http://cforster.com/2013/02/reading-the-waves-with-stephen-ramsay/

from this graduate DH class http://630dh.cforster.com/syllabus/

 

 

2          Network analysis

 

2.1       Map your facebook network with Gephi: a tutorial

 

http://pegasusdata.com/2013/01/10/facebook-friends-network-mapping-a-gephi-tutorial/

 

 

2.2       scottbot on hartlib correspondence: heatmap and network visualisations

 

http://scottbot.net/uploads/map/demo/maps_heatmap_layer/hartlibEurope.html

 

 

 

 

3          Literary History

 

3.1       DH is changing what literary history is – and suggesting that we don’t actually know what it is. Here is Ted Underwood (@Ted_underwood) on the rise and fall of first person in the novel:

 

http://tedunderwood.com/2013/02/08/we-dont-already-know-the-broad-outlines-of-literary-history/

 

and see other posts at http://tedunderwood.com

 

3.2       For a discussion of ‘influence’, and links to Matt Jockers’ work, see

 

http://winedarksea.org/?p=1629

 

3.3       Proportions of male/female pronouns:

 

http://sappingattention.blogspot.ru/2013/02/genders-and-genres-tracking-pronouns.html

http://sappingattention.blogspot.co.uk/2013/02/canonic-authors-and-pronouns-that-they.html

 

 

5          Critique

 

5.1 Wendy Hui Kyong Chun

 

http://www.c21uwm.com/2013/01/09/the-dark-side-of-the-digital-humanities-part-1/#more-348

http://chronicle.com/blogs/conversation/2013/01/05/on-the-dark-side-of-the-digital-humanities/

http://www.queergeektheory.org/2013/01/mla13-the-dark-side-of-digital-humanities/

http://www.dispositio.net/archives/1340

 

 

6          Lists/surveys of tools:

 

6.1       Jeffrey McClurken (University of Mary Washington) http://mcclurken.org/   : guide to digital history.

 

https://docs.google.com/document/d/1GIV0xQOl5ZNHdguTZy7mpECsil6mu_ZqkZXjhjpE0eg/edit?pli=1

 

 

6.2       http://dirt.projectbamboo.org/

“Bamboo DiRT is a tool, service, and collection registry of digital research tools for scholarly use. Developed by Project Bamboo, Bamboo DiRT makes it easy for digital humanists and others conducting digital research to find and compare resources ranging from content management systems to music, OCR, statistical analysis packages to mindmapping software.”

 

6.3       http://journalofdigitalhumanities.org/about/

“The Journal of Digital Humanities (ISSN 2165-6673) is a comprehensive, peer-reviewed, open access journal that features the best scholarship, tools, and conversations produced by the digital humanities community in the previous quarter.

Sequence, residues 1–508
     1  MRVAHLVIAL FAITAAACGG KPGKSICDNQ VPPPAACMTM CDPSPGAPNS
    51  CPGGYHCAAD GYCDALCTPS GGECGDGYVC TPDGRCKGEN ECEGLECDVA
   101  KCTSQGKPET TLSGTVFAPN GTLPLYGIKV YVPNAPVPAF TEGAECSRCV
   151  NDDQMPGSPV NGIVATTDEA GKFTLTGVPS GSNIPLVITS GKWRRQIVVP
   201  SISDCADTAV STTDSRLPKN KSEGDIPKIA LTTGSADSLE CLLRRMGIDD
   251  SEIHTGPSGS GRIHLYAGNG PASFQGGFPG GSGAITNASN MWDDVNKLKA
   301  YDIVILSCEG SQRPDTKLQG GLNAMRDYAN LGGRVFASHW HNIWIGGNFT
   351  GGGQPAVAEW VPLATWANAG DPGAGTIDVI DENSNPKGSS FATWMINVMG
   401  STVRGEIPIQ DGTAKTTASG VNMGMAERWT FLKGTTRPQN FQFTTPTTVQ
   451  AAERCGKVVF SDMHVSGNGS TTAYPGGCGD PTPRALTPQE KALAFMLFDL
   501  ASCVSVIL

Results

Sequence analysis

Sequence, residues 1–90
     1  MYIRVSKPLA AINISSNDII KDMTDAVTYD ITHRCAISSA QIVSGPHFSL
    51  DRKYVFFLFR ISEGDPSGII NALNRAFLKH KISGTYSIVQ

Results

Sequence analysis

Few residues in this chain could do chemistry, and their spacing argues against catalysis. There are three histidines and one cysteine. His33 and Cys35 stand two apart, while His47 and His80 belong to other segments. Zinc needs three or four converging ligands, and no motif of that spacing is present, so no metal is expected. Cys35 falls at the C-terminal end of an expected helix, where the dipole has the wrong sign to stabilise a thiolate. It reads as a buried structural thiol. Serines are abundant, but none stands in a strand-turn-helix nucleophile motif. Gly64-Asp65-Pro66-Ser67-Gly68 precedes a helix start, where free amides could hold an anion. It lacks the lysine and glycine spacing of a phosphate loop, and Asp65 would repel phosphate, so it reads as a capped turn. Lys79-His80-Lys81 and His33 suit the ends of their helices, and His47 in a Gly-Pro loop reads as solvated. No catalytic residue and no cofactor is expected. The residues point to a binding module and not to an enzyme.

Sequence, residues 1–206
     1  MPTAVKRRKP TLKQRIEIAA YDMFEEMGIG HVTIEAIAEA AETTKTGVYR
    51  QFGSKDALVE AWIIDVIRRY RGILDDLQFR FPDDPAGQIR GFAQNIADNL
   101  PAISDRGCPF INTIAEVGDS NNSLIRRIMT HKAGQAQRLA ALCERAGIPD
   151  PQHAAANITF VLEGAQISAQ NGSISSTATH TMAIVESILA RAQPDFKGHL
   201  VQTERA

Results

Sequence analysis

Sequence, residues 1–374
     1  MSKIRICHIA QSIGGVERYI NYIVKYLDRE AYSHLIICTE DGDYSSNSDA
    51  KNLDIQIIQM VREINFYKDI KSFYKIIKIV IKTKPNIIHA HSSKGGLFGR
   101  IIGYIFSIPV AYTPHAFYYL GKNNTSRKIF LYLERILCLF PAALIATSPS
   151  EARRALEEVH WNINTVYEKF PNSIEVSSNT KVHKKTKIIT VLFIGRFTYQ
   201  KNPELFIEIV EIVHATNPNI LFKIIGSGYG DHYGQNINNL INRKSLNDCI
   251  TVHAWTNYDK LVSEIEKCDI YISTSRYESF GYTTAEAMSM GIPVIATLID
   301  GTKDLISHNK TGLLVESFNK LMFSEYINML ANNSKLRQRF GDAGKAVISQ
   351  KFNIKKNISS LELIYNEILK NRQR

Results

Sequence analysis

The Journal of Digital Humanities offers expanded coverage of the digital humanities in three ways. First, by publishing scholarly work beyond the traditional research article. Second, by selecting content from open and public discussions in the field. Third, by encouraging continued discussion through peer-to-peer review.”

 

6.4       http://digitalhumanitiesnow.org/

“Digital Humanities Now showcases the scholarship and news of interest to the digital humanities community through a process of aggregation, discovery, curation, and review. Digital Humanities Now also is an experiment in ways to identify, evaluate, and distribute scholarship on the open web through a weekly publication and the quarterly Journal of Digital Humanities.

WHAT WE PUBLISH

Digital Humanities Now highlights work from the open web that has gotten the attention of the digital humanities community or is worthy of such attention, based on critical editorial review. Scholarship—in whatever form—that drives the field of digital humanities field forward is highlighted in the Editors’ Choice column. Additional news items of interest to the field—jobs, calls for papers, conference and funding announcements, reports, and recently-released resources—also are redistributed.”

 

6.5       http://selection.datavisualization.ch/

“Datavisualization.ch Selected Tools is a collection of tools that we, the people behind Datavisualization.ch, work with on a daily basis and recommend warmly. This is not a list of everything out there, but instead a thoughtfully curated selection of our favourite tools that will make your life easier creating meaningful and beautiful data visualizations.”

6.6       40 Essential Tools and Resources to Visualize Data

http://flowingdata.com/2008/10/20/40-essential-tools-and-resources-to-visualize-data/

 

 

 

 

 

Jonathan Hope/May 2014